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Conversations That Shape Us

Materials needed for conversation guide

  • Conversations that shape us PDF conversation guide (best accessed on a laptop)
  • Writing utensils and paper (or phone notes app)
  • White board or sticky notes with a blank wall or table
  • Bible
  • Projector or TV to display the guide (optional)

Important note for leaders

Group leaders cannot lead where they have not been themselves, especially with topics requiring deep vulnerability, like the subject of racism. Until pastors, small group leaders or teachers have spent time reflecting with God and other believers regarding their own biases, they cannot effectively invite others to take this journey. 

There are three ways to lead: by example, by example and by example.

Leaders can reflect on their own biases by first reviewing this guide on their own and reading books or other resources on racism. A list of resources at the end of the PDF conversation guide can  provide a helpful starting point.

Along with learning, leaders can engage in discussion and prayer about racism with others they trust (such as a church member, mentor, etc.) to gain familiarity and confidence speaking about this topic.

Managing group discomfort

The topic of race is a very sensitive one in the Canadian context and in this current culture. Many well-meaning Christians will avoid saying anything at all, for fear of saying the wrong thing. Given the many emotions and opinions, some people may express themselves strongly, while others will withhold their responses out of discomfort. After all, we don’t like to hurt each other. 

Leaders may need to offer encouragement as the group has these delicate discussions.. In Section 3 of the PDF guide, Conversation Preparation, we suggest ways to create a safe environment for discussion. These tools can help everyone process what they are experiencing in a healthy way.

As leaders guide the conversation, it is important to not view the conversation – and the participants themselves – as points along a trajectory toward an end goal. It is better to see each person as moving along a continuum in both their understanding on this topic and their relationship to God. The learning and conversation journey itself is more important than a set outcome or specific end goal.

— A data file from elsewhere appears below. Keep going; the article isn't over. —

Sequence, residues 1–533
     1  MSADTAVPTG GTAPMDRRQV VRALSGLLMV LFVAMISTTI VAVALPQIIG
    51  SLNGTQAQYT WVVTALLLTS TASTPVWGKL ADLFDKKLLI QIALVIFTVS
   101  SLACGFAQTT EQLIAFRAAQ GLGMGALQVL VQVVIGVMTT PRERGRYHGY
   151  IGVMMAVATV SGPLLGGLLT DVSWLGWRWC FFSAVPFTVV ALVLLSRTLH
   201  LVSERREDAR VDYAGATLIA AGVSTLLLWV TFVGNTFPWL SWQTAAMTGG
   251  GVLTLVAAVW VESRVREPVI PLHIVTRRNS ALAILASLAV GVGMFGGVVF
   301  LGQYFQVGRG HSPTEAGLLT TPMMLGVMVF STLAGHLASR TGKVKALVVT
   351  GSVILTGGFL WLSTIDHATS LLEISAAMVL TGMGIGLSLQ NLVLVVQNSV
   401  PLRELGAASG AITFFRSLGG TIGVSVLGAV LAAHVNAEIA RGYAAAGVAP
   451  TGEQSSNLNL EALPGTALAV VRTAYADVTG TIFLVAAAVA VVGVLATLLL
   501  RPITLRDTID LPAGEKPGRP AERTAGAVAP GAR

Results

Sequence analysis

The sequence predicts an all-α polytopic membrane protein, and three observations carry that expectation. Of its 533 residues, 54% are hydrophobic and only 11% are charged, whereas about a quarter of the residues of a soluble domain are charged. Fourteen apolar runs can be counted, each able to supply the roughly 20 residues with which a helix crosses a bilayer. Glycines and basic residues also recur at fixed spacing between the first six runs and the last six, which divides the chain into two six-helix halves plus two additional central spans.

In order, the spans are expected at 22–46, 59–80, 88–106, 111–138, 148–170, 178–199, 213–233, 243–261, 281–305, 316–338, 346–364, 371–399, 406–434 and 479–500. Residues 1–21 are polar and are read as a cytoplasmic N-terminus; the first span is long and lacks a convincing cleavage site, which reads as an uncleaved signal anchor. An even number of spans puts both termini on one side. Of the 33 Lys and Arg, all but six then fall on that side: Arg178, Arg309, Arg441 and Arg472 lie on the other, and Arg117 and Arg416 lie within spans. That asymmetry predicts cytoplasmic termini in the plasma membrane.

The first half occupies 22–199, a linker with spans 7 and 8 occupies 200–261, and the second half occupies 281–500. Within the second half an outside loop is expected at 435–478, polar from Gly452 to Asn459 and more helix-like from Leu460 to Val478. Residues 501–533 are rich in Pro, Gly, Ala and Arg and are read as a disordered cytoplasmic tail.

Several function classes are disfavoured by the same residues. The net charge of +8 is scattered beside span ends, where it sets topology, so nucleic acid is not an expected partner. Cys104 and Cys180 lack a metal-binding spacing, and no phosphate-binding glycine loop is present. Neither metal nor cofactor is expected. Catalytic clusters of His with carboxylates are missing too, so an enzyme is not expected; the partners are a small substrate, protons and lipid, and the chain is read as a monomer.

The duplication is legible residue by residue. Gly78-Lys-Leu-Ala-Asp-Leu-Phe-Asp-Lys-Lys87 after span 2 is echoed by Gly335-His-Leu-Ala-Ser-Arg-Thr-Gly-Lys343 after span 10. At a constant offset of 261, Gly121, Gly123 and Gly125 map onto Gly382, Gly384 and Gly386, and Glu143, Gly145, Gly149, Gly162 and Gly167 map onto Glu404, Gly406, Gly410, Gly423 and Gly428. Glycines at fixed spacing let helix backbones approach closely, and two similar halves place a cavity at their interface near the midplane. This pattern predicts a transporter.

It is important to make space for participants to acknowledge where they are at, emotionally and spiritually. To that end, it is important to not rush the conversation to arrive at closure on every point. Those who want quick closure will shut down the discussion. Comments like “Can we all agree that this is wrong before we go any further?” will freeze the conversation. 

A helpful question that leaders can frequently ask is: “What are you feeling and thinking about what has been said?” This simple query helps to prevent group members from becoming overwhelmed by emotions such as anger, defensiveness, or feeling that others are attacking them. It is a question that helps to move thoughts and emotions out into the open in a gentle way. 

If a participant does have an angry outburst, leaders should avoid reacting in the moment and not use Scripture to silence the person or the conversation.. Unhelpful statements like: “This is God’s standard and we all need to live up to it” can shut down a person’s learning journey. Instead, ask open-ended questions that invite participants to share how they are feeling. Outbursts can be prevented by giving people ample opportunities to share, without judgement. The more opportunities participants have to express what they are processing, the better they can navigate their emotions and listen to what others are experiencing. 

We believe that with the right tools and a loving, patient posture, leaders can effectively guide participants through essential conversations about racism. You can do this!

Video from page 14 - Understanding the concept of race

This video unpacks the history of the idea of race and how we can respond in a Christian way.

 
We are grateful to you for taking on the role of leader, especially with a topic that can be as sensitive as racism. We want to support you. If you would benefit from exploring a question or issue with one of the editorial team as you lead this study, please reach out by email.